New York Attorney General's Labor Day Report (2014-2016)

In 2014, the New York Attorney General's Labor Bureau began publishing an annual report on successful efforts to protect New York's working men and women. The reports highlight the breadth and scope of the Labor Bureau's enforcement efforts and its commitment to ensure a safe and equitable workplace for all New Yorkers.

Misclassification

Defining the working relationship between “employees” and “independent contractors” is one of the most troublesome and important issues facing businesses today. Classifying workers as independent contractors allows companies to avoid paying minimum wage, overtime, Social Security and Medicare taxes, unemployment insurance taxes, workers’ compensation premiums, and circumvent federal antidiscrimination laws. Consequently, misclassification denies workers of rightful protections and privileges under state and federal law. Meanwhile, avoiding the payment of certain taxes and wages gives employers a competitive advantage and thus, an economic incentive to misclassify.  Such forces could lead to what has been coined in the wage-and-hour context as a “regulatory race to the bottom.” Lastly, misclassification also causes federal, state and local governments to suffer revenue losses as employers circumvent their tax obligations. 

In an attempt to combat this scourge, states have employed multidisciplinary and multifaceted approaches, including the formation of state task forces, federal-state cooperation and litigation. Here are some examples:

Federal Action

The U.S. Department of Labor’s Misclassification Initiative, launched under Vice President Biden’s Middle Class Task Force, seeks to combat this pervasive issue on a national level and restore crucial employee rights to those denied them. In September 2011, former Secretary of Labor Hilda L. Solis announced a major step forward with the signing of a Memorandum of Understanding (MOU) between the Department and the Internal Revenue Service (IRS). Under this agreement, the agencies will work together and share information to reduce the incidence of misclassification of employees, to help reduce the tax gap, and to improve compliance with federal labor laws.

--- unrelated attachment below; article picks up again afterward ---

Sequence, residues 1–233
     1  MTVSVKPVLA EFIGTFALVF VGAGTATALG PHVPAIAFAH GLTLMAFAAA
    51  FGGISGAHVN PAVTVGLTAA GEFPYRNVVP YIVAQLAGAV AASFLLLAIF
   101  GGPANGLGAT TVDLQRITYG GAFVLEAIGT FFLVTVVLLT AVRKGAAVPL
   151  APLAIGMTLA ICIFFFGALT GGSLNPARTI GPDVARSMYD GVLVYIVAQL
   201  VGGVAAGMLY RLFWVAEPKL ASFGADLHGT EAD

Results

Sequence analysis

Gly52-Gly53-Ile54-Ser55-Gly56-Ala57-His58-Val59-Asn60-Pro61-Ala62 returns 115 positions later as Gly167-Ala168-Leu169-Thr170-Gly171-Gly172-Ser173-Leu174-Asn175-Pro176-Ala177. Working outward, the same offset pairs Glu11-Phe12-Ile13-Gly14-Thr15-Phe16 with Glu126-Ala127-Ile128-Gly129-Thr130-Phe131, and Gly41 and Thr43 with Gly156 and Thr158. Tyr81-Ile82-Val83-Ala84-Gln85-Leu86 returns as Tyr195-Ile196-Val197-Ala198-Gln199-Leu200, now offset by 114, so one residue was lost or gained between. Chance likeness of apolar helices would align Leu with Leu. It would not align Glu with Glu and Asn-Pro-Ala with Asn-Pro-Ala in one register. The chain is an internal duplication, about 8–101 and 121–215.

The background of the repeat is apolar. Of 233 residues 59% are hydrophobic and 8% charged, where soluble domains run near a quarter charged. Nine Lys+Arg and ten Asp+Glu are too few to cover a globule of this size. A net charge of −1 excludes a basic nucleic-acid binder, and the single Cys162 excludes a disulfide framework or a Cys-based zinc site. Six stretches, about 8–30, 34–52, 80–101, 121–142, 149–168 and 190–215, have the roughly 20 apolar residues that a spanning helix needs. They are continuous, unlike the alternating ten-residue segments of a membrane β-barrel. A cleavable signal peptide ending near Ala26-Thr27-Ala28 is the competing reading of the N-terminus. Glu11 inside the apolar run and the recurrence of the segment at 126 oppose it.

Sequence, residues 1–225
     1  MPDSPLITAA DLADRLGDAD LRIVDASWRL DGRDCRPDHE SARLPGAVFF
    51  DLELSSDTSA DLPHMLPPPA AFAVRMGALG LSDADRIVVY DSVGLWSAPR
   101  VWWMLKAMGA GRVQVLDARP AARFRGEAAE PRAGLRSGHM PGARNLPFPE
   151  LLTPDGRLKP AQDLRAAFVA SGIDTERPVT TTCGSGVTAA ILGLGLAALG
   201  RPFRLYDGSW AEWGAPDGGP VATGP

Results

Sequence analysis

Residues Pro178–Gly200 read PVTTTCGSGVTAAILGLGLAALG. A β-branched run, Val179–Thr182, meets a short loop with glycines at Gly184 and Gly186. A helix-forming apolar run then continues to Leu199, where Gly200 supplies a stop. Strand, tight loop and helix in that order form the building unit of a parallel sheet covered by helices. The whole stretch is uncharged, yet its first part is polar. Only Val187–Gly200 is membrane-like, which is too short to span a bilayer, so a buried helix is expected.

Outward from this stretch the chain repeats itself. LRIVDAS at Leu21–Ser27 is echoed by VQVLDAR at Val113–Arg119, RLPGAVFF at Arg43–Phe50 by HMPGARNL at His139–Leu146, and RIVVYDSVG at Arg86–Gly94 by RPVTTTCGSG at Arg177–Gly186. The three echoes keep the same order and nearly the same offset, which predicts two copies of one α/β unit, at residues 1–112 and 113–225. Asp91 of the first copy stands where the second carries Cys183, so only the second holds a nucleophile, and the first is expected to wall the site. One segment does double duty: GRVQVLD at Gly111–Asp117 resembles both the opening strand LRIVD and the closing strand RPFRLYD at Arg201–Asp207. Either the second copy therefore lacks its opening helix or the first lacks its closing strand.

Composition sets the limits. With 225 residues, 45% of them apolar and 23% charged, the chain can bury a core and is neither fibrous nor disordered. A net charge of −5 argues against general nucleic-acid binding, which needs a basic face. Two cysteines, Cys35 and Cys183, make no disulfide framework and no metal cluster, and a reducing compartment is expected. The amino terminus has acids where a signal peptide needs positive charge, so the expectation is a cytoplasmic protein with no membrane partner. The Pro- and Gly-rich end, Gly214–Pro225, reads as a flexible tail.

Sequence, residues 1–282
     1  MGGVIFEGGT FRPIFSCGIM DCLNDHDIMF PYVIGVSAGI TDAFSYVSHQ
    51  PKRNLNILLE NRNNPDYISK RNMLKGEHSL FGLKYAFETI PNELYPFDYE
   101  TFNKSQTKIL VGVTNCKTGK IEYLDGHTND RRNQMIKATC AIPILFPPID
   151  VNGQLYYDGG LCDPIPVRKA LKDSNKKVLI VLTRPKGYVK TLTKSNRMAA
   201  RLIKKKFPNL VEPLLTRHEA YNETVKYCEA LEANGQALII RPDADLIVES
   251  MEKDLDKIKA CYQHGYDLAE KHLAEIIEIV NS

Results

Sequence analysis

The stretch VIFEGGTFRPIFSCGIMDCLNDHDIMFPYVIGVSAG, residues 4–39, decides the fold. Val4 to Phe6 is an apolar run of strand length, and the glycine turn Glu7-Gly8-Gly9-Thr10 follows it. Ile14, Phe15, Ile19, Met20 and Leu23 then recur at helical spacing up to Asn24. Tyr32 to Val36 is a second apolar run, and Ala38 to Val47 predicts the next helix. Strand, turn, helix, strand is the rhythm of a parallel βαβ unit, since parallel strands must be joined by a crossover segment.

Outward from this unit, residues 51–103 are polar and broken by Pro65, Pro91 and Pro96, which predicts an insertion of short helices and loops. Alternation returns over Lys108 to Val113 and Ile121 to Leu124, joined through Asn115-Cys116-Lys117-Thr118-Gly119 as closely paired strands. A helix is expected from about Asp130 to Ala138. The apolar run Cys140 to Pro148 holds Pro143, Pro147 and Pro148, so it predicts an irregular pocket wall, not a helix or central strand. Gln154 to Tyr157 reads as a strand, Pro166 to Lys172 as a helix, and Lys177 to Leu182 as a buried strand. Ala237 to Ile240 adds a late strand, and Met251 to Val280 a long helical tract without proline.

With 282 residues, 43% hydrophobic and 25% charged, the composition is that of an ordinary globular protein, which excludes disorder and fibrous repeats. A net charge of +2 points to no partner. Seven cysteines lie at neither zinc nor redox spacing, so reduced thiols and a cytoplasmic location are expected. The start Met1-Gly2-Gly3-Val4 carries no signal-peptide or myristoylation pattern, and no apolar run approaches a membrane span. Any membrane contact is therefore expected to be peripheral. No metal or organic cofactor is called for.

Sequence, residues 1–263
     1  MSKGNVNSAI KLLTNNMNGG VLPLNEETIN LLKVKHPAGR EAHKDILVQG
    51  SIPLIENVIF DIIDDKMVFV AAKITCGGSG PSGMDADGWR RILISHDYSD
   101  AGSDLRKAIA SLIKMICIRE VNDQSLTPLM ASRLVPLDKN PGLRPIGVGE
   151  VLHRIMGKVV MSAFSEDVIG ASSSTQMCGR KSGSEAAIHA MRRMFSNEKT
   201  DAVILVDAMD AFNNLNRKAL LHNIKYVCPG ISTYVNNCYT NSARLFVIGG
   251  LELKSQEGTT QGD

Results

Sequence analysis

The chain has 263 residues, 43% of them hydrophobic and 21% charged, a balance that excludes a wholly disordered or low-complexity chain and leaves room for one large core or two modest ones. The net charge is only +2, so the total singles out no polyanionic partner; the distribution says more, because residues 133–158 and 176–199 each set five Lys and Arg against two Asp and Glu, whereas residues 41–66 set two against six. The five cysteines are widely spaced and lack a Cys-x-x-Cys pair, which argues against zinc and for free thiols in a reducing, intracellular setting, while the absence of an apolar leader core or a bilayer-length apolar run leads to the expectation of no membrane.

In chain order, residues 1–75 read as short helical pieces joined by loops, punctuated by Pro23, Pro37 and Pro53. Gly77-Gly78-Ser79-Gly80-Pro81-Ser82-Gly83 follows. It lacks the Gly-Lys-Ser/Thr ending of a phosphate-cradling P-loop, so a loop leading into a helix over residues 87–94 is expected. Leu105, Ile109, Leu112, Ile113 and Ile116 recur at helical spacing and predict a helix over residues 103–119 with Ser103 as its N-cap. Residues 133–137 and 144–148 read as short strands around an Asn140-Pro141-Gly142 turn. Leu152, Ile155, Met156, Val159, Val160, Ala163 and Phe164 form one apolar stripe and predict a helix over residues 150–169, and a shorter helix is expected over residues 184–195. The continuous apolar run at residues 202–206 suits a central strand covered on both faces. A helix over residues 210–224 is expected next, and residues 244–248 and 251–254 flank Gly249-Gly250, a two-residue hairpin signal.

Additionally, labor commissioners and other agency leaders representing thirty-five states (as of Nov. 2016) have signed MOUs with the Department’s Wage and Hour Division, and in some cases, with its Employee Benefits Security Administration (EBSA), Occupational Safety and Health Administration (OSHA), Office of Federal Contract Compliance Programs (OFCCP), and the Office of the Solicitor. Under the Obama Administration, the U.S. Labor Department actively pursued MOUs with additional states as well.

These MOUs will enable the U.S. Labor Department to share information and to coordinate enforcement efforts with participating states in order to level the playing field for law-abiding employers and to ensure that employees receive the protections to which they are entitled under federal and state law. Employers that misclassify their employees may not be paying the proper overtime compensation, FICA and Unemployment Insurances taxes, or workers' compensation premiums.

Enforcement of State Wage and Hour Laws: A Survey of State Regulators

In 2011, the National State Attorneys General Program at Columbia Law School published a first of its kind report on the enforcement of state wage and hour laws. According to the Executive Summary, authors Jake Meyer and Robert Greenleaf "developed a comprehensive survey on wage and hour enforcement, distributed it to state agencies responsible for such enforcement, and analyzed the responses. Thirty-seven states and the District of Columbia completed at least some portion of the survey. The results are shared here for the purpose of creating an objective depiction of state activity in wage and hour enforcement that we hope will serve as an inspiration and jumping-off point for further research, by the states and others. A major goal of the project was to determine not only the methods and extent of enforcement, but also states’ procedures and abilities to track and share data about their enforcement efforts."

Making Labor Law in Cities and States - Benjamin Sachs